There was no advanced script for how to react to Saturday's arrest of Dominique Strauss-Kahn. Shock was a reasonable response. Suspicion, too, as well as indignation aimed at the man with a history of reckless sexual behavior whose arrest has thrown the IMF into disarray.
Famed French philosopher Bernard-Henri Lévy, though, saw this as an opportunity to place the blame precisely where he felt it belonged: with the American system of justice, with the global media and with the woman who has come forward with her own tale of sexual assault at the hands of Strauss-Kahn. In an essay authored by Lévy for his own blog and for the Daily Beast, the public intellectual had harsh words for "the American judge who ... pretended to take him for a subject of justice like any other." (Who ever heard of such a notion?) Strauss-Kahn may deserve the benefit of the doubt in Lévy's eyes, but he has none for Tristane Banon, who has accused Strauss-Kahn of a 2002 attack. "This other young woman, this one French, pretends to have been the victim of the same kind of attempted rape," Lévy writes, "but, sensing the golden opportunity, whips out her old dossier and comes to flog it on television."
American observers were bemused and horrified. Matt Duss, a national security policy analyst at the Center for American Progress, tweeted: "Bernard Henri-Levy singlehandedly making me rethink the whole freedom fries thing." A day later others -- including Gawker, Washington Post blogger Melissa Bell and Tom Scocca -- took notice as well.
Yet for those with memories extending beyond the present news cycle, Lévy's stance is hardly a surprise. In September 2009, Lévy led an effort to mobilize artists and writers on behalf of another accused rapist -- Roman Polanski. During that same period, Lévy took to a number of outlets -- the Huffington Post among them -- to remind the world that "there are degrees in the scale of crimes." Polanski's admitted crime against a 13 year old girl was a small matter, Lévy suggested, when seen with the proper perspective.
Lévy's Q-rating, however, barely suffered from this conspicuous public defense of rape. The New York Times review of his most recent book did not allude to the matter. Stephen Colbert -- an incisive interviewer, despite his habit of conducting interrogations in character -- also failed to question Lévy about Polanski when the philosopher came on his show in January. The Daily Beast also neglected to bring up the issue when it interviewed Lévy earlier this year.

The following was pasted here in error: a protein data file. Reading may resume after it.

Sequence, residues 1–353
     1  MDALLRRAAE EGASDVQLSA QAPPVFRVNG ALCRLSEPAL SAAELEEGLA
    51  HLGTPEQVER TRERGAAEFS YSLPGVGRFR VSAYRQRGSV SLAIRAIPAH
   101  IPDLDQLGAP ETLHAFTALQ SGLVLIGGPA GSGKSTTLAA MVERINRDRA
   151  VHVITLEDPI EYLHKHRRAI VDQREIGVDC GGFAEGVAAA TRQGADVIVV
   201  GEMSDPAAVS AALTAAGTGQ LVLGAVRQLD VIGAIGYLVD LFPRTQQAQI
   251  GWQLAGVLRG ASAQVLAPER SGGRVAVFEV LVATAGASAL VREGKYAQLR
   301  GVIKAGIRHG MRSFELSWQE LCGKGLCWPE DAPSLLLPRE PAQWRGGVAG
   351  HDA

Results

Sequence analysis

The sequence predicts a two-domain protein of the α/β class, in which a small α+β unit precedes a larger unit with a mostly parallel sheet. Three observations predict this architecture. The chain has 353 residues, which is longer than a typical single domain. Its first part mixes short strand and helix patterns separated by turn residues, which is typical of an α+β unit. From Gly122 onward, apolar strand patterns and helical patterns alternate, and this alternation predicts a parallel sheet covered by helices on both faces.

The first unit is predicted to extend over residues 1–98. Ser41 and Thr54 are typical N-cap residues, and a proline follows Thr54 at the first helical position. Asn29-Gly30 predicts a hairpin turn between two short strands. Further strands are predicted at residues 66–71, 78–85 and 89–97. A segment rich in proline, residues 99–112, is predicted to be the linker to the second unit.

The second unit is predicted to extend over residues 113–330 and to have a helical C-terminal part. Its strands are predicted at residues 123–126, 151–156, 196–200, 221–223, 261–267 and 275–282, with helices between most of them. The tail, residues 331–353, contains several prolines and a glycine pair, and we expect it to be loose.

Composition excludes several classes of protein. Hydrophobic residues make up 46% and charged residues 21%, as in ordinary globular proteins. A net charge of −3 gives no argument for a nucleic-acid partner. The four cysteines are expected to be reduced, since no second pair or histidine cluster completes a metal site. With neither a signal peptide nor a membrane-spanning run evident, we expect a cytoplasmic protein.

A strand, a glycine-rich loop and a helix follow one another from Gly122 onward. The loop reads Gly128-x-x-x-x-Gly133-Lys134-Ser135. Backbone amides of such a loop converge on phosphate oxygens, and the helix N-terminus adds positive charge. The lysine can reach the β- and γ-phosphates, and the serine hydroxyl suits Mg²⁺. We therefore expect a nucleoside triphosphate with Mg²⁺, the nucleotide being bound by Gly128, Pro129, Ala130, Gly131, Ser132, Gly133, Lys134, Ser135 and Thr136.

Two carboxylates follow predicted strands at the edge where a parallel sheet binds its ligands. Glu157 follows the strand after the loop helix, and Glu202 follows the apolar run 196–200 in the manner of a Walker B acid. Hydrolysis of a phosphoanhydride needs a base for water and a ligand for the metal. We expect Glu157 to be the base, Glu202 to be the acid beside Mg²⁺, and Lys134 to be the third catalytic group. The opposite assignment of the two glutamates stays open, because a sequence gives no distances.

The phenomenon is not unique to Lévy or French philosophers. The Tennessee Freedom Coalition's decision to honor Dutch politician Geert Wilders at an event last week caused little uproar -- despite the latter's habit of hate speech against Muslims. FOX News, meanwhile, has hosted the British aristocrat Christopher Monckton on its programs, not batting an eyelash at his bizarre conspiracy theories about implementation of a one-world government or his stated belief that AIDS victims should be quarantined for life. (With shades of Larry the Cable Guy and deceptive understatement, Glenn Beck introduced Monckton on his show as "the guy who got it done" with his arguments against climate change science.)
For some reason, foreigner commentators seem to be imbued with a previously non-existent gravitas upon setting foot in front of American audiences -- whether or not they even remotely deserve it. Maybe it's the accents. Or maybe it's a general lack of knowledge of the intricacies of foreign politics, and the inability to adequately judge whether the foreign pundit at hand is a legitimate figure or his or her country's equivalent of Michele Bachmann.
Regardless, it remains distressing that Bernard-Henri Lévy was provided a first opportunity to excuse rape one day and merrily go about his American book tour the next. Now that his flippant dismissal of sexual assault allegations has proven pathological, will Lévy finally be held accountable by either the mainstream or literary media? If recent history is any indication, probably not.
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